Grade: Futsushu Taruzake ABV: 15.5%
Prefecture: Nara Rice: Field blend Rice polish: 70%
Serve: Warm, Room temp, or Chilled
Fresh on the palate, with a pleasant cedar flavor that brings a distinctive richness and well-balanced aromas.
The term Futsu-Shu generally translates to “ordinary” or “table” sake. Futsu-Shu does not follow a prescribed production method. It is not to say they are poor quality, only to denote good value, meant to be an everyday sake. Taruzakes are sake that has spent time aging in cedar barrels (more below). Therefore this is an everyday sake that has spent time again in cedar barrels.
A note from our Somm: This sake is piney perfection! Notes of green apple and mint mingle beautifuly with its spicy notes, cereal, and refreshing pine. I love this with smoked oysters on crostini, duck confit, and miso-glazed fish. Try is chilled in a white wine glass, or warmed in an ochoko (sake cup). - Shelley
About the brewery: Once upon a time, centuries ago, all sake was stored and transported in cedar barrels called taru, namely because stainless steel tanks and modern bottling technology had not yet been invented. It was easy to store the sake in a barrel, where one could walk to the local izakaya and fill up their masu cup or wineskin. Also, before modern brewing techniques, sake often had a very rough taste, and aging in cedar barrels helped mask some of the harsh edges. Many have seen these cedar barrels displayed at Shinto shrines, or placed at American restaurants. Indeed, the taru barrel still holds cultural significance, but improving technologies and brewing techniques have rendered them obsolete on a large scale. Sake that spends time aging in taru is called taruzake.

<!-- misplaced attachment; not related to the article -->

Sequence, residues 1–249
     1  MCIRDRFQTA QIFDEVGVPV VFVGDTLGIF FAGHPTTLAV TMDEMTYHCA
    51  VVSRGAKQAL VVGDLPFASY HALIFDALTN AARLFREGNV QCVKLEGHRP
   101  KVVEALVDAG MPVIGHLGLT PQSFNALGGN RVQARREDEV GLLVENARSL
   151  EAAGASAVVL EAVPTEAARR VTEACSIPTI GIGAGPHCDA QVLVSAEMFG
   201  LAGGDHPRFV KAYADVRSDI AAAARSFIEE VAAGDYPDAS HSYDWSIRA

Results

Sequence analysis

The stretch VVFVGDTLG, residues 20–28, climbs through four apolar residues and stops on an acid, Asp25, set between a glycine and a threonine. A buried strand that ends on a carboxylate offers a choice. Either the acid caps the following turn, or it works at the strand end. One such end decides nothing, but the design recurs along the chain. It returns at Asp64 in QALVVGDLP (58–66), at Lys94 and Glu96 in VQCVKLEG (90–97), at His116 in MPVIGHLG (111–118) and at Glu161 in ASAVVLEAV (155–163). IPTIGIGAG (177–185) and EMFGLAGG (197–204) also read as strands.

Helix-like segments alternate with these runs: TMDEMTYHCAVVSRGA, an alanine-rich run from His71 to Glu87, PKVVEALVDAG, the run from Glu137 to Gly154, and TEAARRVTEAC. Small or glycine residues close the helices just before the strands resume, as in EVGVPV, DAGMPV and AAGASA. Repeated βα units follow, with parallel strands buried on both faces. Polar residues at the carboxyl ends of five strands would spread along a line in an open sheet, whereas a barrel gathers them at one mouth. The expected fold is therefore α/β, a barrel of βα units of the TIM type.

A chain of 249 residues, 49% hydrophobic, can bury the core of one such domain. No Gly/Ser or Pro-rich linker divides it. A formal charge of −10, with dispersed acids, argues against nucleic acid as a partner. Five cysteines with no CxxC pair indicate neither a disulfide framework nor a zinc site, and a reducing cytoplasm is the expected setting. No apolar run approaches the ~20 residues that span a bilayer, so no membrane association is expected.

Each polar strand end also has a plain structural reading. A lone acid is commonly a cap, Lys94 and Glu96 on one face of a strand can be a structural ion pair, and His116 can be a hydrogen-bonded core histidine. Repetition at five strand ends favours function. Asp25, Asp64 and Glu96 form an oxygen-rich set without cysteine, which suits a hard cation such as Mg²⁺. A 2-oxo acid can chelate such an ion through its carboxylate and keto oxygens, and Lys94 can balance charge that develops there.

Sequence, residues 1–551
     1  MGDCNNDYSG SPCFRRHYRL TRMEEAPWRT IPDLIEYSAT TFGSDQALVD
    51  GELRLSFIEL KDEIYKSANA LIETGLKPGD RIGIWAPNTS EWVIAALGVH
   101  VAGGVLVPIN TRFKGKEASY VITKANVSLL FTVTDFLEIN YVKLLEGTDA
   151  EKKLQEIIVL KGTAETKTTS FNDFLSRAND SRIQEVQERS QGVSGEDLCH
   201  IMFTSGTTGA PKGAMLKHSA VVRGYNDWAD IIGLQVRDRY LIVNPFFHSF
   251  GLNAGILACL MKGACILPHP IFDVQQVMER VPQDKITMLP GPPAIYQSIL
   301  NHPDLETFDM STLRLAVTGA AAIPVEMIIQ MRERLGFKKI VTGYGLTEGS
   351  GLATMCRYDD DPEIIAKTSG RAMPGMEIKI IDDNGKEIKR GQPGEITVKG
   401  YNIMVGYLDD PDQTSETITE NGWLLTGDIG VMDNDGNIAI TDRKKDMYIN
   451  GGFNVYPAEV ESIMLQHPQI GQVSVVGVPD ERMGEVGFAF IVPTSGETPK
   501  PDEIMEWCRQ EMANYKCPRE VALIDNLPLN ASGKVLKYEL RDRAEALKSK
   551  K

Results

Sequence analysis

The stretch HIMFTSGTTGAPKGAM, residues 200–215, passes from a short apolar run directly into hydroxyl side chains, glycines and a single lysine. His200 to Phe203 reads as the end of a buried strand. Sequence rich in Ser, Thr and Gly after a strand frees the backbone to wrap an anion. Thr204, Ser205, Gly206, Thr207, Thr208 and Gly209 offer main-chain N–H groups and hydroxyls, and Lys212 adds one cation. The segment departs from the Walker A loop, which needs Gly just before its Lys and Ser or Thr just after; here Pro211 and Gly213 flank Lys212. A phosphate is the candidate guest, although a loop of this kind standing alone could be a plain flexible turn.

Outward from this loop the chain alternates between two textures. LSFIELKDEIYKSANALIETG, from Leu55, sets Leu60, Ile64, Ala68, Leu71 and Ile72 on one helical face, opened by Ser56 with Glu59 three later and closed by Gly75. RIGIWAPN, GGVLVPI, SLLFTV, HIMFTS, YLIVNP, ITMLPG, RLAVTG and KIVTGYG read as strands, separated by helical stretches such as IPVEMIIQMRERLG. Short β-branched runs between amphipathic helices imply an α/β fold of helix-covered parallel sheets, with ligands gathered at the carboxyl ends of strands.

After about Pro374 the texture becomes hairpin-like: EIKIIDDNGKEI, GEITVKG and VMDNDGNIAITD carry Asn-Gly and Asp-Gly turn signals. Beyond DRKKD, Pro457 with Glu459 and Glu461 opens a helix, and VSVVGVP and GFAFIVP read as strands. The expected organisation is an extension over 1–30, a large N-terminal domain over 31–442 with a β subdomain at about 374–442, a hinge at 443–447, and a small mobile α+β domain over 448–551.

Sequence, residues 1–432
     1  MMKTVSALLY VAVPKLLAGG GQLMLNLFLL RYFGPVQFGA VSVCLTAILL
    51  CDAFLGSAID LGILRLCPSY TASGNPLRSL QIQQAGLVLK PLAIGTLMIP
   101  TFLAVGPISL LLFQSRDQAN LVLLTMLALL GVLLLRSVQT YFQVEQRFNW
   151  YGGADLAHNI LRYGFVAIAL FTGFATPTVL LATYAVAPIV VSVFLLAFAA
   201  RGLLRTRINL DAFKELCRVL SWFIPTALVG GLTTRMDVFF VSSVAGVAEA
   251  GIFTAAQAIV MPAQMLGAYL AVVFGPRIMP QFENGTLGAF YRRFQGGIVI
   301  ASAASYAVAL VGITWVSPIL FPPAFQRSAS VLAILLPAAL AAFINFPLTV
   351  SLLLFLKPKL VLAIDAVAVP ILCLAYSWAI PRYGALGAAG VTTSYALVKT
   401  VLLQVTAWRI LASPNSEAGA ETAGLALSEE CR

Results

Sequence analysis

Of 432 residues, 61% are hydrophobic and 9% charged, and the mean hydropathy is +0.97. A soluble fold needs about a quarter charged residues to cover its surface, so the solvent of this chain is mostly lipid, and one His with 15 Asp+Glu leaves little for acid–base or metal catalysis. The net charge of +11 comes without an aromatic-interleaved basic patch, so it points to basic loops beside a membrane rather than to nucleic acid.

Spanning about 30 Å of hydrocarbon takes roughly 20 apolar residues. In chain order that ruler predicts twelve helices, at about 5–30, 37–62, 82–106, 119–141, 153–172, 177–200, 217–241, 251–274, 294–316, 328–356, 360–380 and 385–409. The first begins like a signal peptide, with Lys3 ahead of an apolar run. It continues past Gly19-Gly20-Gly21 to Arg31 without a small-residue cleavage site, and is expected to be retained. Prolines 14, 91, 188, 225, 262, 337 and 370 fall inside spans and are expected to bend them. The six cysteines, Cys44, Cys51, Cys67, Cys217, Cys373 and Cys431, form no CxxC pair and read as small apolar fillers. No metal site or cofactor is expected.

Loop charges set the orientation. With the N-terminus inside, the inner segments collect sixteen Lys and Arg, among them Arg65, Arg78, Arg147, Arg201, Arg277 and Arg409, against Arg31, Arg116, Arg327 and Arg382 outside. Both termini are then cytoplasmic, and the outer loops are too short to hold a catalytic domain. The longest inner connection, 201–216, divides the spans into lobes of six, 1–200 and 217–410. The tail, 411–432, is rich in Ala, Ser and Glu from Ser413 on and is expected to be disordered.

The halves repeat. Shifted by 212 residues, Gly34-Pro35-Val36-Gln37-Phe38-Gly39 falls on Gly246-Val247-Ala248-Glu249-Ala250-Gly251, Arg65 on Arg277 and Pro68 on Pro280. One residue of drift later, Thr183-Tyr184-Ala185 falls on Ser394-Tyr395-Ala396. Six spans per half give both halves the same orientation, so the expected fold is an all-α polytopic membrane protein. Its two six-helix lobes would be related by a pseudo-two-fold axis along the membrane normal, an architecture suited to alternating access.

In 1964, Choryo Shuzo was the first sake brewery to bring back taru aged sake for sale to the general public. This time, they age the sake in taru before bottling it in modern fashion. This was the first time people could taste the delicious woodsy profile of taruzake without having to actually crack open an entire barrel themselves. Today, taruzake in barrel is donated to Shinto shrines, or used for special occasions, while bottled taruzake is enjoyed at will.
Choryo Shuzo exclusively uses Yoshinosugi (Japanese-cedar) from barrel makers at the foot of Mt. Nara. There are only five Japanese barrel makers left in the country. The barrels must be made by hand, from trees at least 80 years old, and require an aging period of one year to drain all the excess water and create a beautiful color. Taru barrels are never charred like wine barrels and are used up to three times by sake breweries. Taruzake ages in barrel for only about three weeks. It has a very distinct cedar aroma and taste.